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Offshore outsourcing or domestic process fixes?

Domestic process fixes may be more cost-effective than outsourcing; but are they feasible?

Crater Moon Landings- Offshore Outsourcing comments on Market Research Firm Touts Outsourcing’s Cost-Savings.

Question: how much more cost-effective would it be to just fix your processes first?

I’m not going to argue on how 10 people in US are capable of delivering the work of 70 people in India. Last time I checked, programming skills were not proportional to race, nationality, religion or gender.

However, I think the perception of Offshore Outsourcing being a magic wand to fix domestic processes is very inaccurate. In my experience, fixing the domestic processes are easier said than done. Organizations are not getting enough returns on what they spend on IT. IT project management and process management has to be extremely agile, to survive in today’s world. Unfortunately, most domestic processes are completely devoid of candor and hence subject to unnecessary political inertia.


There are two key factors when considering Offshore Outsourcing. The first one, is outsourcing. If your core business is not IT, there are few reasons not to outsource it. Just like many businesses using FedEx or UPS for courier needs, it makes perfect sense to have vendors taking care of your IT needs.

Succes of an internal IT department depend heavily upon how internal IT projects are funded. Many IT departments do not bill their clients --the other departments. This results in lack of full participation from their clients. From the client’s perspective, they don’t have a choice but to use internal IT department. If IT doesn’t deliver what they want, they have little course of action. They can seldom fire the IT department.

Compare this with having an outsourcer. If the services are not upto your expectations, you can always shop for another vendor. Business application market space is getting consolidated between SAP, Oracle Apps, Baan etc. This has resulted in many different service providers with expertise in such application systems. As long as your internal IT management is empowered to limit customizations, you can freely --well, not as freely as switching a courier-- switch from vendor to vendor, to shop for a better deal.

Unlike the vendor, internal IT project teams may have little incentive in competing for internal projects. They get paid anyway, right? Every organization need to look at the efficiency of their internal IT department.

That said, some IT projects may be of sensitive nature for the continuity of business. Such projects are usually difficult to outsource.


The second part is that of offshoring projects. Some companies choose to hire offshore outsourcers. Some companies choose to have their own offshore subsidiaries. In either case, the reason is simple. Cost.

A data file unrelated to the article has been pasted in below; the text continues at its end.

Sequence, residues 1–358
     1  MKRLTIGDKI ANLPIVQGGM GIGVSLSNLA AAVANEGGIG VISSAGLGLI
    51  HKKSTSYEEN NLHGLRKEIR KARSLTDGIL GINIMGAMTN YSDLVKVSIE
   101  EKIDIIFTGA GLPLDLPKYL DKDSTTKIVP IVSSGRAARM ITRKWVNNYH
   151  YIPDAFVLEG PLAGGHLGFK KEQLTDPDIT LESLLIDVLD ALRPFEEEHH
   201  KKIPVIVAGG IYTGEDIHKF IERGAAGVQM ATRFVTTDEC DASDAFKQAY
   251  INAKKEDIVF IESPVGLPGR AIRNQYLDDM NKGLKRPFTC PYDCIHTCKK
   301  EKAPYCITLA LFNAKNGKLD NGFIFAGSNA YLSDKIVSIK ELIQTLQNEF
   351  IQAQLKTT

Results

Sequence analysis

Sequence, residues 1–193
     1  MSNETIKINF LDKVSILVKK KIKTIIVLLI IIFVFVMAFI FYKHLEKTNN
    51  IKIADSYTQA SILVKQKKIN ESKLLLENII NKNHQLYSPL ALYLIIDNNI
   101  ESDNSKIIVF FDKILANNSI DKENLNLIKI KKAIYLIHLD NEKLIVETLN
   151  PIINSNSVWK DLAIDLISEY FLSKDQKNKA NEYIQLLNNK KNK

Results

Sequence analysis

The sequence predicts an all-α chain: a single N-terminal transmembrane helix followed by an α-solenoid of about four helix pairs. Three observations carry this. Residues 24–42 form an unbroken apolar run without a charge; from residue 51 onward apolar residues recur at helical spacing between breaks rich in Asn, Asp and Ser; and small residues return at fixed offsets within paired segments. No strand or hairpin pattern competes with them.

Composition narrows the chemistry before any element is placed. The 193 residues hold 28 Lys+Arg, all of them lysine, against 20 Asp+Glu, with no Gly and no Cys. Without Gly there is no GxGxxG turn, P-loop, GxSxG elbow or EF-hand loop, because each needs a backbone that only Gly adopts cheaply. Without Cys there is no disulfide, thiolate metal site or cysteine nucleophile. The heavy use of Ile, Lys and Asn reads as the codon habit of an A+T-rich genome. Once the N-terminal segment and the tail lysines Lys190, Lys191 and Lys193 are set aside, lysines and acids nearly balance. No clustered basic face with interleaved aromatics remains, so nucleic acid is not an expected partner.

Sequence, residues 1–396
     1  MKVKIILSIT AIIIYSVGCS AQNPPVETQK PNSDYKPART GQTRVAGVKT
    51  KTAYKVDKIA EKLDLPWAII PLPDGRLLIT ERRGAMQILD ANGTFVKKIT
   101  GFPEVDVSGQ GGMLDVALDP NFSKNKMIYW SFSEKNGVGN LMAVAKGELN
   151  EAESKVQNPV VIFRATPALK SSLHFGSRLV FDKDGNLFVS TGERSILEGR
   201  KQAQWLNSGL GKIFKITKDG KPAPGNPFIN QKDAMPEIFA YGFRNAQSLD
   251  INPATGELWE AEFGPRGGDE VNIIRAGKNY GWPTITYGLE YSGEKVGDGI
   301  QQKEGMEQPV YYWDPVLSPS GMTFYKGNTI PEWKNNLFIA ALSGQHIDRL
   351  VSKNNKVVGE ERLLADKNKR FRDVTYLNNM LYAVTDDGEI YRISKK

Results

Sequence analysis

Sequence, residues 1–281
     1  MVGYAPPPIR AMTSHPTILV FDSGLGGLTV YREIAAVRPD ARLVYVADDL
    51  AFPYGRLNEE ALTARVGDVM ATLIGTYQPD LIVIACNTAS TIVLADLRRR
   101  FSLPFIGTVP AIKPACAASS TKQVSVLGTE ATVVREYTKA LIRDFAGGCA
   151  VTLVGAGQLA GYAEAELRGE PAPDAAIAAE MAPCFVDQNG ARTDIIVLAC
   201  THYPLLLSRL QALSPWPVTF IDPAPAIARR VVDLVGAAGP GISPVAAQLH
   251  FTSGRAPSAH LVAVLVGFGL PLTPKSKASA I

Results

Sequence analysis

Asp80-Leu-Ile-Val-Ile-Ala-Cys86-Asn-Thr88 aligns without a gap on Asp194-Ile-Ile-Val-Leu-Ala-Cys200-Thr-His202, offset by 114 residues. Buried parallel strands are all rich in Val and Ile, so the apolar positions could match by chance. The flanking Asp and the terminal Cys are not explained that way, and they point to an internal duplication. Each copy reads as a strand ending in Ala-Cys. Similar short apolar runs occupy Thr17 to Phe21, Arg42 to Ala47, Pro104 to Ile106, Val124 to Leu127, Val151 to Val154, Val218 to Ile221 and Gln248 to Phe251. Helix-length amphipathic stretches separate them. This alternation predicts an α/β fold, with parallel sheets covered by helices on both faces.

Managers like to have some safety net. If they can get 50 resources for the cost of 5, and if the internet reduces communication delays, they are definitely going to go for it. Is it because they think 50 people can bring more quality than 5 people? Probably so. Though, I think they are more interested in the fact that there are 50 people available --that gives a high safety net when attrition happens.

Another plus point is the time difference. Properly planned and coordinated, this can mean 24 hour work days. However, such planning is not easy. Till the business masters the need to plan ahead, this can result in 48 hours of waiting instead. Personally, I think this is not a bad mark on the outsourcer, but on the business. If your IT managers can’t plan for even 24 hours, they shouldn't be managing your IT anyway :-)

Another potential hurdle might be that of communication. Cultural differences can play a huge part in ineffective communications. Accent, assumptions and unfamiliar idioms can cause issues. Usually, this results in a situation where everything is written down and goes through several reviews. That typically means a heavy-weight software engineering process. That may not be such a bad thing when you want to switch vendors. Done properly, heavy-weight process can result in adequate documentation to smoothen the knowledge transfer.

I think we will see consolidation towards best of both worlds scenario.

  1. Outsourcing to local vendors to ameliorate coordination and communication issues.
  2. Local vendors offshoring their requirements to deliver goods on time and on cost.
  3. Local vendors working closely with clients of former IT departments --I do think internal IT departments either need to change or face extinction; they simply can’t keep living on a high cost:benefit ratio-- for helping them make sense out of information. Local vendors, business analysis and intelligence is going to be a profitable business for the next 5 years.
  4. Offshore and local vendors survive depending on the quality of service and time to respond.
  5. Clients finally realize the value and the necessity to measure their returns on services - whether it is from a vendor or from an internal department.

Related: Earlier notes on outsourcing.

  1. My girlfriend is working on writing a persuasive essay on why outsourcing is not a good thing for the US. She needs at least 5 may points with facts. I was just wondering if you would be able to help with that in any way. If you could lend some info it'd be greatful. You can e-mail me at


    Posted by: Tyler Raymo on October 16, 2004 11:37 AM